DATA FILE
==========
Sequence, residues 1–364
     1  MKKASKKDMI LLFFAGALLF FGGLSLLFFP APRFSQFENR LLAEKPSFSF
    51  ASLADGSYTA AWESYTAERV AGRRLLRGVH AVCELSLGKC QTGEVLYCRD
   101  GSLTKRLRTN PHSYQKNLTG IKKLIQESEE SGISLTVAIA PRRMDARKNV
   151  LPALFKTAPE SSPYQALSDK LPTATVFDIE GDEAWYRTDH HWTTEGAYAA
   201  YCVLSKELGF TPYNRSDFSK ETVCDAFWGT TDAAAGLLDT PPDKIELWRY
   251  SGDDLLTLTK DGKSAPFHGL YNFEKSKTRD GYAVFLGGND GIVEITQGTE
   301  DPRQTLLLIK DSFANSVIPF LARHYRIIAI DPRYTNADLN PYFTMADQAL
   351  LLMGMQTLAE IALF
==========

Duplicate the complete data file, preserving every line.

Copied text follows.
Sequence, residues 1–364
     1  MKKASKKDMI LLFFAGALLF FGGLSLLFFP APRFSQFENR LLAEKPSFSF
    51  ASLADGSYTA AWESYTAERV AGRRLLRGVH AVCELSLGKC QTGEVLYCRD
   101  GSLTKRLRTN PHSYQKNLTG IKKLIQESEE SGISLTVAIA PRRMDARKNV
   151  LPALFKTAPE SSPYQALSDK LPTATVFDIE GDEAWYRTDH HWTTEGAYAA
   201  YCVLSKELGF TPYNRSDFSK ETVCDAFWGT TDAAAGLLDT PPDKIELWRY
   251  SGDDLLTLTK DGKSAPFHGL YNFEKSKTRD GYAVFLGGND GIVEITQGTE
   301  DPRQTLLLIK DSFANSVIPF LARHYRIIAI DPRYTNADLN PYFTMADQAL
   351  LLMGMQTLAE IALF